Hasegawa kits of this vintage are often light on cockpit detail and this kit is no exception. A basic cockpit tub, instrument panel, control column and seat are all that is provided. All of the basic shapes are there but decals have to be used to detail the cockpit as the consoles are devoid of detail. The seat also has a rather noticeable sink mark in the middle of it which will be awkward to remove. Once youve buttoned up the fuselage, you can add the wings, engines and horizontal stabilisers in order to complete assembly of the basic airframe.

me262a1sprue3.jpg


The engines feature nicely detailed turbine blades in both the intakes and exhausts. The undercarriage is also nicely depicted, with crisp hub detail and convincing tyre treads. Optional R4M underwing rockets are provided, along with two bombs. They can go straight into the spares box though as they are not used with either of the airframes represented on the decal sheet.

The canopy is nice and thin and is moulded in three parts so it can be posed in the open position. Having said that, you might want to add some more detail to the cockpit before you show it off. The Werfer-Granate 21 rockets are cast in white metal and are nice enough, but you'll need to clean up the seam lines as these are fairly prominent.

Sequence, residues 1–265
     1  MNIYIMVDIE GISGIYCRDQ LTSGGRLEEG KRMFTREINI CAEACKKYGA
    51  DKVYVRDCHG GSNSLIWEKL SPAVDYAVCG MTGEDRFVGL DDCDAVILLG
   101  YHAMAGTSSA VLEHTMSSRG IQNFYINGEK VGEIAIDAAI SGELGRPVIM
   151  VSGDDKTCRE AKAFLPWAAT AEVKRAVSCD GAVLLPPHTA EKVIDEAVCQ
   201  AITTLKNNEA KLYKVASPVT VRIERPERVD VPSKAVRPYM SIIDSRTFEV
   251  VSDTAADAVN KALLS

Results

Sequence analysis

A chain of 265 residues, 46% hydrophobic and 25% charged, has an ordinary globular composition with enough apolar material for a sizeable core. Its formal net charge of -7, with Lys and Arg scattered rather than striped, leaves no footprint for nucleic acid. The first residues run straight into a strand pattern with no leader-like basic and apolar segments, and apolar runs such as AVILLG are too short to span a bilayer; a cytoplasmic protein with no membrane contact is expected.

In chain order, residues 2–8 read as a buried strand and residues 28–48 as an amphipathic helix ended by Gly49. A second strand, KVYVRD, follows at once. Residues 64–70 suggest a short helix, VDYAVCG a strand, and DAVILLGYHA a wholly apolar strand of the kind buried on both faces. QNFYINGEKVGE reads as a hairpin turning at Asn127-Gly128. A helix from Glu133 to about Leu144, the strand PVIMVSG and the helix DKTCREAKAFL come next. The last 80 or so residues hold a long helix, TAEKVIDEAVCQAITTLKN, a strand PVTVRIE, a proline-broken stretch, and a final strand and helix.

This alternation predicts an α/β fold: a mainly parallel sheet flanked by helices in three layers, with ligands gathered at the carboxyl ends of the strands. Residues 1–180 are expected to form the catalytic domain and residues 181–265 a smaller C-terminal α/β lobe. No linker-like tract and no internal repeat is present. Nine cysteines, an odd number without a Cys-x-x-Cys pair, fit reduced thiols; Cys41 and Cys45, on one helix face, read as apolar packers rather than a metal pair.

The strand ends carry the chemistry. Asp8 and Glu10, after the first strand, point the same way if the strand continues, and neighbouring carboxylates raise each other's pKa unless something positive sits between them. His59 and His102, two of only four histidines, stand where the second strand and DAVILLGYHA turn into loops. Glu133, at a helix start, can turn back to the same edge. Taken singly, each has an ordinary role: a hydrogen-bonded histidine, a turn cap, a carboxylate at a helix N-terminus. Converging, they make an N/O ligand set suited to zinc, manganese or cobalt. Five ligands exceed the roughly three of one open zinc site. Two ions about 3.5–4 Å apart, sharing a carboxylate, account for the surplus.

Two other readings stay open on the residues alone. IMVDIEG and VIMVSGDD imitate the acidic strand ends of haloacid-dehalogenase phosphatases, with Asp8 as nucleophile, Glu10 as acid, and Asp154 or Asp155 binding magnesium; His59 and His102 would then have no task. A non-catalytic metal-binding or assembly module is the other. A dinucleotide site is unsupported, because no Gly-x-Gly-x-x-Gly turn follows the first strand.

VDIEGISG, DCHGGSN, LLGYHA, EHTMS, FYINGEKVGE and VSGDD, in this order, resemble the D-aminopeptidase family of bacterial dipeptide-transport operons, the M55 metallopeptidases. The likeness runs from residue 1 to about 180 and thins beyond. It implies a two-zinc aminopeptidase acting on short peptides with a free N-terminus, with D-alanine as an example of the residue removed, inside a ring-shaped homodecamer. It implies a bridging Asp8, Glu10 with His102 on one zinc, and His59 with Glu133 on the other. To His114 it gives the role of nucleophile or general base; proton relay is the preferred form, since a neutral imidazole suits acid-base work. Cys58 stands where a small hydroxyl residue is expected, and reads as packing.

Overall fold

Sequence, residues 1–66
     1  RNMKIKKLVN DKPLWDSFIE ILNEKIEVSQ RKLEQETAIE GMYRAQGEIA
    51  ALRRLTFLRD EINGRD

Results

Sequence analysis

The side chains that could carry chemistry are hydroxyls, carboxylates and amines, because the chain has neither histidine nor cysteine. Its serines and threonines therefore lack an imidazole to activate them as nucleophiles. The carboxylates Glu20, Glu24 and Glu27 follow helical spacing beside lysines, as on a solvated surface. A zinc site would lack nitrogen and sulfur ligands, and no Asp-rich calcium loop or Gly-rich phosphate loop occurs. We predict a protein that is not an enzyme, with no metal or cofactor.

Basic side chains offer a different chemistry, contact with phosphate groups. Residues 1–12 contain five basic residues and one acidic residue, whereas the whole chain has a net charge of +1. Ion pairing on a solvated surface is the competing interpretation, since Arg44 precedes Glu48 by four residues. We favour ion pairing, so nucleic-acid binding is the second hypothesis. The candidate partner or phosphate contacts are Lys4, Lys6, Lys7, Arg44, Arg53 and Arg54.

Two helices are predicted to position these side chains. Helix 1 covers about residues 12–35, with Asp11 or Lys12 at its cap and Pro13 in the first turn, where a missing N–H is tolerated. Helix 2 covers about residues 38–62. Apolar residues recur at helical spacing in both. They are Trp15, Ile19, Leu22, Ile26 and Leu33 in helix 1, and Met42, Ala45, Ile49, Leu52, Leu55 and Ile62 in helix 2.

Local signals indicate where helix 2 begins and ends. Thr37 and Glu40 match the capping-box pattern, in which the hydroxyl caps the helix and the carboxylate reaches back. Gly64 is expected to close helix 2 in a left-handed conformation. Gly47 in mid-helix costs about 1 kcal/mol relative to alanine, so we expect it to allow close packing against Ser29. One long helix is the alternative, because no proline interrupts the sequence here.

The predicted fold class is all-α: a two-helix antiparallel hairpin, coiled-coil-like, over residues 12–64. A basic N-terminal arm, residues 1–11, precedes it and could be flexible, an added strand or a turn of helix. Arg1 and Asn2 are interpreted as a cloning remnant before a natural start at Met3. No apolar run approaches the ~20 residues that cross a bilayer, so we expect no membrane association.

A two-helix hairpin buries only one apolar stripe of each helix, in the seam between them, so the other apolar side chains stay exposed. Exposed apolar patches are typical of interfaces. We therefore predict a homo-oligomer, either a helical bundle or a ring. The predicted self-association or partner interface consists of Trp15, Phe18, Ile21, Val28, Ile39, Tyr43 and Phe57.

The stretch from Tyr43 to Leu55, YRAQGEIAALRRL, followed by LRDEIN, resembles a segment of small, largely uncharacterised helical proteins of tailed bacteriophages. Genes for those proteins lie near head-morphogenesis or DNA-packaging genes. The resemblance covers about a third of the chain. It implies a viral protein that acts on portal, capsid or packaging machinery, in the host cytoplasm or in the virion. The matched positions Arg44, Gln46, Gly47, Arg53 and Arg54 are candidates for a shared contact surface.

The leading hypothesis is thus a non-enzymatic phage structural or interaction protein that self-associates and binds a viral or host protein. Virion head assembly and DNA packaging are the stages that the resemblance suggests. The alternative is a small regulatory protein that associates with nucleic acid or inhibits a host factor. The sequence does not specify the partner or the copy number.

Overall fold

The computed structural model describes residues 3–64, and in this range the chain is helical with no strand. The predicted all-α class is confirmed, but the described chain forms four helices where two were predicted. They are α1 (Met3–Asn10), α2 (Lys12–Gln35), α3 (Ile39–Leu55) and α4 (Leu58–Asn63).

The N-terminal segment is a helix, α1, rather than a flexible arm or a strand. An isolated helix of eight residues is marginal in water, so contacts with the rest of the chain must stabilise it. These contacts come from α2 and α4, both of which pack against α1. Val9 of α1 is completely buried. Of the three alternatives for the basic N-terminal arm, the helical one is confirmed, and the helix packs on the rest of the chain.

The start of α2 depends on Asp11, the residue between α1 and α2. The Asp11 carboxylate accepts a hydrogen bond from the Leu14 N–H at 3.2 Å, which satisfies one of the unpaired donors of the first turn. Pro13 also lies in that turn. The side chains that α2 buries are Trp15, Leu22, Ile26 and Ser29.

me262a1sprue4.jpg


Two marking options are provided on the decal sheet:
Me 262A-1a III./JG7, flown by Kommandeur Major Rudolf Sinner, Germany, March 1945. This aircraft is finished in a splinter pattern of RLM 81/RLM 82 over RLM 76; and
Me 262A-1a Stab/JG7 Geschwader Adjutant Hauptman Erich Mikat, Germany, February 1945. This aircraft is also finished in RLM 81/RLM 82 over RLM 76, but this time a squiggly pattern.
The decals look pretty good but seem to be thinner and more matt than those usually provided with Hasegawa kits.

me262a1decals.jpg


Conclusion